DISADVANTAGES
- biased to those with poor education (language and math elements)
- not v good @ detecting those with a mild cognitive impairment (Arevalo-Rodriguez et al. 2015)

SO
mini cog
1. Remember and a few minutes later repeat the names of three common objects
2. Draw a face of a clock showing all 12 numbers in the right places and a time specified by the examiner

ADVANTAGES

1. little potential for bias in terms of education or language (Borson 2005).
2. Less affected by subject ethnicity, language, and education, and can detect a variety of different dementias.
3. ALSO, detects many people with mild cognitive impairment (cognitive impairment too mild to meet diagnostic criteria for dementia) (Tsoi et al. 2015)

10

stage TWO: one battery for assessing for dementia

CERAD – morris et al. 1989
- Memory and verbal fluency mainly: delayed recall of words, verbal fluency tests EG boston naming test.
- Generally: performance is affected by age + education. To a lesser degree, sex (Berres et al. 2000)
- Id Alz subtypes (Fisher, 1999)
- Translated into many languages (Cho et al. 2008)
- Widely used in studies of the neuroanatomical findings of Alzheimer’s (Dos Santos et al. 2011)

**Doesn’t directly include tests of planning tho…

11

Further testing of dementia - memory + fluency

Verbal fluency tests (language + executive functioning skills “PRIMARILY FLEXIBILITY”) – ability to switch from one demand to another (Lezak, 2012)

***Fuld object-memory evaluation (Fuld, 1980)
a. Name and describe each 10 objects that they are feeling in a bag (tactile naming)
b. After each response, the object is removed from the bag and the patient is asked to name the object if tactile naming failed
c. NEXT is the verbal fluency test = Say as many names as they can think of in one min (same sex as patient) (serves as a distractor) (rapid semantic retrieval)
d. Then required to recall items from the bag previously

fluency trials: food, what makes people happy/sad, vegetables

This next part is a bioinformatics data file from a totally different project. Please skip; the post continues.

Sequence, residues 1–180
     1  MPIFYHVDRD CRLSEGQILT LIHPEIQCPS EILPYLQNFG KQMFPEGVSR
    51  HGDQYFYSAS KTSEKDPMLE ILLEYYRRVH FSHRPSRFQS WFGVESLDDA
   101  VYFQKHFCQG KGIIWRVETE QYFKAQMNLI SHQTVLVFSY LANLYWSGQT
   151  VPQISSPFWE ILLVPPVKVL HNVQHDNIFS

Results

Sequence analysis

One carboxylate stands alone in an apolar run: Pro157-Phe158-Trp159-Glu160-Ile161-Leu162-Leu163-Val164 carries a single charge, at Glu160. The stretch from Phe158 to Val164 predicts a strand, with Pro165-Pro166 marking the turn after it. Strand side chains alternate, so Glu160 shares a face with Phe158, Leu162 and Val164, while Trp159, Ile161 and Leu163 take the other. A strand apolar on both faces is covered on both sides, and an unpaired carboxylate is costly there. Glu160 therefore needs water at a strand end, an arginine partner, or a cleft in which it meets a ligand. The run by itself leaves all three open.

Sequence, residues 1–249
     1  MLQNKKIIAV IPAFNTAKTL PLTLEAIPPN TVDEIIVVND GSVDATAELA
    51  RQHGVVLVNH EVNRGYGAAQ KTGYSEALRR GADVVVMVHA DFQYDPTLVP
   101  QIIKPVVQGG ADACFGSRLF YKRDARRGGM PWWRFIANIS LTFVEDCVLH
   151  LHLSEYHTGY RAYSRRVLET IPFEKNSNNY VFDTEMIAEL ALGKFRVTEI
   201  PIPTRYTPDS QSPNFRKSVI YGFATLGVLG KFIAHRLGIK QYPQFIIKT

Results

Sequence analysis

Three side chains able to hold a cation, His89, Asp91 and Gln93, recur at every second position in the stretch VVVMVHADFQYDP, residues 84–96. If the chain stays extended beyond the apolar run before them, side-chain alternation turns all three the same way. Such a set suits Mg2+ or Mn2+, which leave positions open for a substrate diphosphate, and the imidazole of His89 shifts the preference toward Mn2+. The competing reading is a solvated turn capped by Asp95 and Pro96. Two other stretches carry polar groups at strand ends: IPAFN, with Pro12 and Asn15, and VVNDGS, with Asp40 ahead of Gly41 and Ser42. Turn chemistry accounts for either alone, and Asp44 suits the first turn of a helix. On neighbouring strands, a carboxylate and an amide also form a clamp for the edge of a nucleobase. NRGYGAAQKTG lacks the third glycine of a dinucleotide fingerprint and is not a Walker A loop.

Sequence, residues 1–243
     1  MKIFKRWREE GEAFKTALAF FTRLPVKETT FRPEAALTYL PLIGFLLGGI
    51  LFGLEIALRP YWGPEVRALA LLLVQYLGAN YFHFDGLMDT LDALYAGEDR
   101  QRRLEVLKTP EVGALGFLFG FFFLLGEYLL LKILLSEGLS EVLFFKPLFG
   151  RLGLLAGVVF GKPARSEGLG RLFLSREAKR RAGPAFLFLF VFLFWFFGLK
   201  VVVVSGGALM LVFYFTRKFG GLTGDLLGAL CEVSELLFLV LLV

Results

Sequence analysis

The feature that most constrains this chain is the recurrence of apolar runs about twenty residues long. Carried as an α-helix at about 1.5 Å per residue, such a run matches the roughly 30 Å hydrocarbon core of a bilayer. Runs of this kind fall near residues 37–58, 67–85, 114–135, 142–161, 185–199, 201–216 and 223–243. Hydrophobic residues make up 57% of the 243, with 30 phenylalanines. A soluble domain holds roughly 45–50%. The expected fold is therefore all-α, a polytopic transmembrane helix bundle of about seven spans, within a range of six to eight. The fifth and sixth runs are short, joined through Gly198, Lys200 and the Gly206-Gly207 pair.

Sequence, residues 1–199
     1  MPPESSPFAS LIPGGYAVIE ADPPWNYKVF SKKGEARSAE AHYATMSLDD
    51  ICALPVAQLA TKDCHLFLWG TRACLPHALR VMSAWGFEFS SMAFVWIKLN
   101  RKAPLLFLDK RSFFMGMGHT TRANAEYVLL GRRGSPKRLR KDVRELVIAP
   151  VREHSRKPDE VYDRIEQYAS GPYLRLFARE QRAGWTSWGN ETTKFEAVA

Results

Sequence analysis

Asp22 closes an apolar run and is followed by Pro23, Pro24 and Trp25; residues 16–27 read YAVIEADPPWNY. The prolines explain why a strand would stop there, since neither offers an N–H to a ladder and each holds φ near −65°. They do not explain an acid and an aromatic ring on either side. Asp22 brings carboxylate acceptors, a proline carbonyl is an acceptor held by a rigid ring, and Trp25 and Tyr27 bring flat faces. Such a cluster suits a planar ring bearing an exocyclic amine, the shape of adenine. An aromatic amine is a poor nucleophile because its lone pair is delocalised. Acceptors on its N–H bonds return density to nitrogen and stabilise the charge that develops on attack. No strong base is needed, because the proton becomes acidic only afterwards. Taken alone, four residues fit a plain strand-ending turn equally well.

12

EVAL FOME

- memory components are relatively immune to confounding effects of education and cultural differences = few significant educational, cultural, SES effects have been reported (E.G. Avila et al. 2009)
- BUT there is relationship between semantic fluency performance and and education + cultural background (Fuld et al. 1988)
- Need to be at least 70yrs old or will get ceiling effects
- Can be used across languages and w children (Chung, 2009)

- Had good predictive abilities – 85% of healthy subjects could be identified as having 85% probability of developing dementia after 4 years.

- The overlap in scores made my elderly depressed patients and those with dementia was considerable i.e. cant discriminate between elderly depressed and multi infarct dementia (La rue, 1989)

HOWEVER
- Others have found that the scores between elderly participants: depressed patients scores were closer to those of normal controls on FOME measures compared with dementia patients scores (La Rue, 1986)

13

The battery doesn’t look @ Decision making & planning

A. TOWER OF LONDON/HANOI
frontal lobe dementia - slower solution times + made more moves/trial and error strategy (Carlin, 2000) --> due to the central executive’s role (DLpfc) in organising wM (Postle, 2006)

**ANOTHER REASON WHY THEY MIGHT BE BAD AT HANOI
- also measures disinhibition = dementia have problem w this - presenting as impulsive and impetuous behaviours that are often difficult to manage
- And some have suggested that tower of Hanoi is more about inhibiting a prepotent response. This has been supported (Miyake et al. 2000) who showed that response inhibition contributes to success

BUT
- Tower of london cant discriminate Alz dementia from frontal temporal dementia (Valverde et al. 2009)

SO
- Porteus maze
- Sensitive to Alz patients but some overlap did occur between Alz and controls (Mack & Patterson 1995)